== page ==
“I know many of you will feel angry, frustrated and emotionally drained by today’s news, but please know this is a necessary step if we are going to save Peloton, and we are,” CEO Barry McCarthy said in an October memo. “Our goal is to control our own destiny and assure the future viability of the business.”
Qualcomm Inc. said that it’s frozen hiring in response to a faster-than-feared decline in demand for phones, which use its chips. It now expects smartphone shipments to decline in the double-digit percent range this year, worse than the outlook it gave earlier.
Salesforce Inc. is focusing on margins as demand for its software products slow. The company has cut hundreds of workers from sales teams as it looks to improve profitability. Since 2017, Salesforce had almost tripled its workforce.
Seagate Technology Holdings Plc, the biggest maker of computer hard drives, said that it’s paring about 3,000 jobs. Computer suppliers, including Seagate and Intel, have been hard hit by a slowdown in hardware spending. Customers are sitting on a pile of extra inventory, hurting orders and weighing on Seagate’s financial performance, CEO Dave Mosley said. That necessitated cuts. “We have taken quick and decisive actions to respond to current market conditions and enhance long-term profitability,” he said.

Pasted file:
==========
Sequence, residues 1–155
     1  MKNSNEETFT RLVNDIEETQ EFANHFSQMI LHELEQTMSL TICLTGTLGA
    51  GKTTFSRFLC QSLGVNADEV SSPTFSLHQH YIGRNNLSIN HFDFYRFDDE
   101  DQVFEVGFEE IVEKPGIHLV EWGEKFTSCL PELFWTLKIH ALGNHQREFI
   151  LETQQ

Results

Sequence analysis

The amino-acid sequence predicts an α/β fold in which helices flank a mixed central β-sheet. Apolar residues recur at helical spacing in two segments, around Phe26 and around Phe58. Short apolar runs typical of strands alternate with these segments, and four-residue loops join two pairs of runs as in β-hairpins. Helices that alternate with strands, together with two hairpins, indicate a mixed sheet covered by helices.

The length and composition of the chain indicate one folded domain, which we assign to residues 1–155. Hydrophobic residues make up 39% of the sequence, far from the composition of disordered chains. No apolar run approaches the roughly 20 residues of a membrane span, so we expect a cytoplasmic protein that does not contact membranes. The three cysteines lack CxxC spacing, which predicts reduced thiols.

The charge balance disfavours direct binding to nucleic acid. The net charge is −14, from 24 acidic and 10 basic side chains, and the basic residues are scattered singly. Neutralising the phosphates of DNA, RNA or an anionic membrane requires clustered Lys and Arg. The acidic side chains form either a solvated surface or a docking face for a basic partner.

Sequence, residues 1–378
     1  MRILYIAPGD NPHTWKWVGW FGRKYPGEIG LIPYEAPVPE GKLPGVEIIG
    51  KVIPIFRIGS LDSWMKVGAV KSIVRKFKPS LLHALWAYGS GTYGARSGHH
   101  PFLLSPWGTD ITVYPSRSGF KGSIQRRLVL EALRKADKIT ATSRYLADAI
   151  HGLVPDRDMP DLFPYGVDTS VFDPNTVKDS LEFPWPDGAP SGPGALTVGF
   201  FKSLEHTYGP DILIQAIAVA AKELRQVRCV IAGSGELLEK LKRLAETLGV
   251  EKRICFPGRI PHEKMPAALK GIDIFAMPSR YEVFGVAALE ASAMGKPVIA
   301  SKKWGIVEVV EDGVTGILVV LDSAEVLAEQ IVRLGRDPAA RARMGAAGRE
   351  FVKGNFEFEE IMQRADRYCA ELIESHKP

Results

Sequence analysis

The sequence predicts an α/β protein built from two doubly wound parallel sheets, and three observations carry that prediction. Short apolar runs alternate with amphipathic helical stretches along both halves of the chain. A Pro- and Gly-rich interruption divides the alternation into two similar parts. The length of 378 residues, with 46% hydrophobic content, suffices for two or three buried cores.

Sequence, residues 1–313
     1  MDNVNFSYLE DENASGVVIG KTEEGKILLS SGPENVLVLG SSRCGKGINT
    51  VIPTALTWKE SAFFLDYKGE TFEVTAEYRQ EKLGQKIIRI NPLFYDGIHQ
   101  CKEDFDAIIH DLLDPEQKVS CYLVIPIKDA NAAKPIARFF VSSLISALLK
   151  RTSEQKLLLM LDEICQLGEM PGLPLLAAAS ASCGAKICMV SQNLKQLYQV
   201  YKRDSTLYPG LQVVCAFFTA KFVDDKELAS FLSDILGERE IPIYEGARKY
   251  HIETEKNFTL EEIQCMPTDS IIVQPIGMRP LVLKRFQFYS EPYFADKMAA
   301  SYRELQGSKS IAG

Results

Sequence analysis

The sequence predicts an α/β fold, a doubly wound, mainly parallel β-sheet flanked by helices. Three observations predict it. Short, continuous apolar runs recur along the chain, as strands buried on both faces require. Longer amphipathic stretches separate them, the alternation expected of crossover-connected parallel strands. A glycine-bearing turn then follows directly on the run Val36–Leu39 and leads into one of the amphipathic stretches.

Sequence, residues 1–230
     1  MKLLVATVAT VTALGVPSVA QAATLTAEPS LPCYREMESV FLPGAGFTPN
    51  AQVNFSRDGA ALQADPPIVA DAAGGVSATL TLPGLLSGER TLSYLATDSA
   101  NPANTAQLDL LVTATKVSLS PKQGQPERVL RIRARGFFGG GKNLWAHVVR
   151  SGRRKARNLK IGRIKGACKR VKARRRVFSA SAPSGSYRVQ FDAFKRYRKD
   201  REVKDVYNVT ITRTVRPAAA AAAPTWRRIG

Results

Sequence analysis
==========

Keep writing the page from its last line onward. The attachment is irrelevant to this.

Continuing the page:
Payments company Stripe Inc., one of the world’s most valuable startups, is cutting more than 1,000 jobs. The 14% staff reduction will return its headcount to almost 7,000 — its total in February. Co-founders Patrick and John Collison told staff that they need to trim expenses more broadly as they prepare for “leaner times.”
The upheaval at Twitter has more to do with its recent buyout — and the accompanying debt — than economic concerns. But the company has suffered some of the deepest cuts of its peers right now. Elon Musk, who bought Twitter for $44 billion, eliminated about 3,700 jobs by email. Musk also reversed the company’s work-from-anywhere policy, asking remaining employees to report to offices.
“Regarding Twitter’s reduction in force, unfortunately there is no choice when the company is losing over $4M/day,” Musk tweeted on Nov. 4.
Upstart Holdings Inc., an online lending platform, said in a regulatory filing it cut 140 hourly employees “given the challenging economy and reduction in the volume of loans on our platform.”
(Adds Cisco job cuts.)
More stories like this are available on bloomberg.com.